He is the sole soil supplier of baseball. It’s a job he might soon lose

Longport, NJ — In a cluttered garage along the Jersey Shore sits a 45-gallon rubber barrel that looks like the world’s least delicious chocolate pudding. It’s nothing more than icky, gooey, sticky, gelatinous slime.

Ah, but what a mud. The clay from which dreams are made.

This special clay, carried in buckets by a man from a secret location along the New Jersey River, is remarkable in its ability to cut the slippery sheen of a new baseball and provide a firm grip for throwing the pitcher at life-threatening speeds. does. Another human stands at a distance of just 60 feet 6 inches.

Tubs of the substance are found at every major league ballpark. This includes each of the 144 to 180 balls used in each of the 2,430 major league games played in a season, as well as in games played in the post season. The rumble of a “pearl”—an ancient ball right out of the box—has been a baseball custom for much of the last century, ever since a traveler named Lena Blackburn presented mud as an alternative to tobacco spit and infiltrated dirt. , which was in vogue. To turn the ball into an overripe plume.

Consider what that means: That Major League Baseball — a multi-billion dollar enterprise that applies science and analytics to nearly every aspect of the game — eventually ended up with a gray ponytail, smudged arm tattoos and a flat-edged shovel.

“Within the last six weeks, I have sent off Diamondbacks, Rangers and Blue Jays,” said clay man, Jim Bintliffe recently, as he leaned protectively near his garaged barrel.

But MLB executives don’t quite get the wrong look at the whimsical tradition of Lena Blackburn baseball rubbing mud, which they say is often applied inconsistently. In his quest to make the balls more consistent – ​​and to make the game more equitable – he has tried to come up with an alternative, even allowing chemists and engineers to develop a ball with the desired feel. appointed to do.

Score so far:

Lena Blackburn: 1

Major League Baseball: 0

MLB spokesman Glenn Caplin said testing “pre-tack baseball” in the minor leagues is ongoing. But reviews have been mixed.

“If you change an asset of baseball, you sacrifice something,” Caplin said. “The sound off the bat was different. The ball felt soft. The bar to change the ball is too high.”

Still, he said, “it’s an ongoing project.”

Bintliff knows the game isn’t over. He said that baseball’s apparent attempts to displace him and his clay disturbed his sleep. Now, he said, he has become more philosophical.

“If they stop placing orders, I’ll be more upset by the end of the tradition, not my bottom line,” he said, standing in his garage in red shorts and white high-top Chuck Taylor sneakers. “If they don’t want slime, they don’t have to buy it.”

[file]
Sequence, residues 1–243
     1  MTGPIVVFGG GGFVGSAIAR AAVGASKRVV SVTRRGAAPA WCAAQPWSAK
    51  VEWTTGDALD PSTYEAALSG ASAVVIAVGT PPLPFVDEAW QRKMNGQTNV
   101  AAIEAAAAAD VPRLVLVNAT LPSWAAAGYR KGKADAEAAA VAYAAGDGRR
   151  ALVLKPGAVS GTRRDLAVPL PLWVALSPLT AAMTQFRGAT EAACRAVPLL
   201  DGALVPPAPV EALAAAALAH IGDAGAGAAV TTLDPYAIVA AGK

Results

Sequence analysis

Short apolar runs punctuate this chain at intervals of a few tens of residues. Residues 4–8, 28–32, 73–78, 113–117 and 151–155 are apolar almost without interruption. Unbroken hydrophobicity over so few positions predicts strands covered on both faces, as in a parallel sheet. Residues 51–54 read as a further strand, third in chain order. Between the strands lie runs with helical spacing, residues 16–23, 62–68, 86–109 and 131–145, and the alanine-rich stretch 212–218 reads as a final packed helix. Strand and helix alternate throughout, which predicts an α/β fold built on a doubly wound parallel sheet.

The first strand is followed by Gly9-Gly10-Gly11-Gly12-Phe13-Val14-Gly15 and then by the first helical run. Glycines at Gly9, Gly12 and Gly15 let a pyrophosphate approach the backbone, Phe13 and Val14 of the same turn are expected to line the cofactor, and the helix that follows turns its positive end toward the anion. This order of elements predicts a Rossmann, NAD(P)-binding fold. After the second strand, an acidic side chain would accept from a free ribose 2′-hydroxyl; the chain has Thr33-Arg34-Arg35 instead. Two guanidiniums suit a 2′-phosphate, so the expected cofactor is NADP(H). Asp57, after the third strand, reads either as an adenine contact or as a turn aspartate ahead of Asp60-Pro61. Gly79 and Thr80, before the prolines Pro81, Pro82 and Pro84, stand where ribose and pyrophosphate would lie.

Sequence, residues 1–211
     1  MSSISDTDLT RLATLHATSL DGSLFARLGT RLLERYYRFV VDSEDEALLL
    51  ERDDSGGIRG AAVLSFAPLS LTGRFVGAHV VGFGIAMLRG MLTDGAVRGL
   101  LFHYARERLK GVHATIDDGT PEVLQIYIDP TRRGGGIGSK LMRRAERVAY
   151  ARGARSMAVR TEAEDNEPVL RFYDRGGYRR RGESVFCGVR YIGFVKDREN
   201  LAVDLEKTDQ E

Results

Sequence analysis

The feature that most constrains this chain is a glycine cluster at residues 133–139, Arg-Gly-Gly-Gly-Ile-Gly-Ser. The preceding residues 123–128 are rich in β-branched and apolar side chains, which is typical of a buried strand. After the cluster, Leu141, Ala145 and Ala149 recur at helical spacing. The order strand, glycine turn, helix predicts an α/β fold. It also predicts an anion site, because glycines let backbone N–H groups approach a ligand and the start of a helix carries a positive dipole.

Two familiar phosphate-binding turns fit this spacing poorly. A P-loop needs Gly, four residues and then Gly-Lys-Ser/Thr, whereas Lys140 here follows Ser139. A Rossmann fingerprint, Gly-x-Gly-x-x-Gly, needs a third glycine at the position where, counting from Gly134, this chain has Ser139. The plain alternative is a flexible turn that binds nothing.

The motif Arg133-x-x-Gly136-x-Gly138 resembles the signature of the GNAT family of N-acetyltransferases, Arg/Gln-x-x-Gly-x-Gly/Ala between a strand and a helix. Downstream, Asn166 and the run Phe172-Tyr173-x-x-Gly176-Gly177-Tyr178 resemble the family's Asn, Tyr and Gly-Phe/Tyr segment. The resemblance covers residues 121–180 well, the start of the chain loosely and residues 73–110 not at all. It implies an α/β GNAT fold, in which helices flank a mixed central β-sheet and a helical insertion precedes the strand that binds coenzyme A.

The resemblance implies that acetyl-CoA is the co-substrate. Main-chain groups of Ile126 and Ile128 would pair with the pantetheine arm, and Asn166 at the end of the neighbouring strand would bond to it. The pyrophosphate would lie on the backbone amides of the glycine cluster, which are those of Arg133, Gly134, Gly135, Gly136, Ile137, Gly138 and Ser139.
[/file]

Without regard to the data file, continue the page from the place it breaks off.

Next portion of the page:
The tradition began with Russell Blackburn, aka Lena, a spirited, weak-hitting infielder who exploded into the major leagues in the 1910s before settling down as a major league coach and manager. A lifesaver as seen in black and white photos with the likes of Ty Cobb and Connie Mack.

While coaching third base for the Philadelphia Athletics in 1938, he heard an umpire complain about the struggle to prepare a brand new ball for use. Blackburn experimented with mud from a Delaware River tributary not far from his New Jersey home, and found that it de-glossed the ball while maintaining its whiteness.

Now he had a side job. After a while, every major and minor league team was using what was sometimes called “Mississippi slime” – although “mysterious” would have been more appropriate than Mississippi.

Before Blackburn’s death in 1968 at the age of 81, he gave the secret to an old friend who had joined him in harvesting the soil: Bintliff’s grandfather, who left it to Bintliffe’s mother and father, who in 2000. I gave it to Bintleaf.

Bintliffe, 65, served in the Navy and worked as a printing-press operator for decades, but the mysterious slime remained a constant in his life. Even now, he sees himself as he was in 1965, a railroad-thin boy loading a bucket of freshly collected clay into the back of his grandfather’s Chevy Impala.

Over the years, Bintliffe and his wife, Joan, who handles administrative work, have tinkered with the business model. For example, he used to harvest the soil once or twice a year. But the riverfront needs monthly returns to expand its market for educational and professional football teams – including more than a few in the National Football League.

However, the fundamental work remains the same, the timing of which depends on the tides.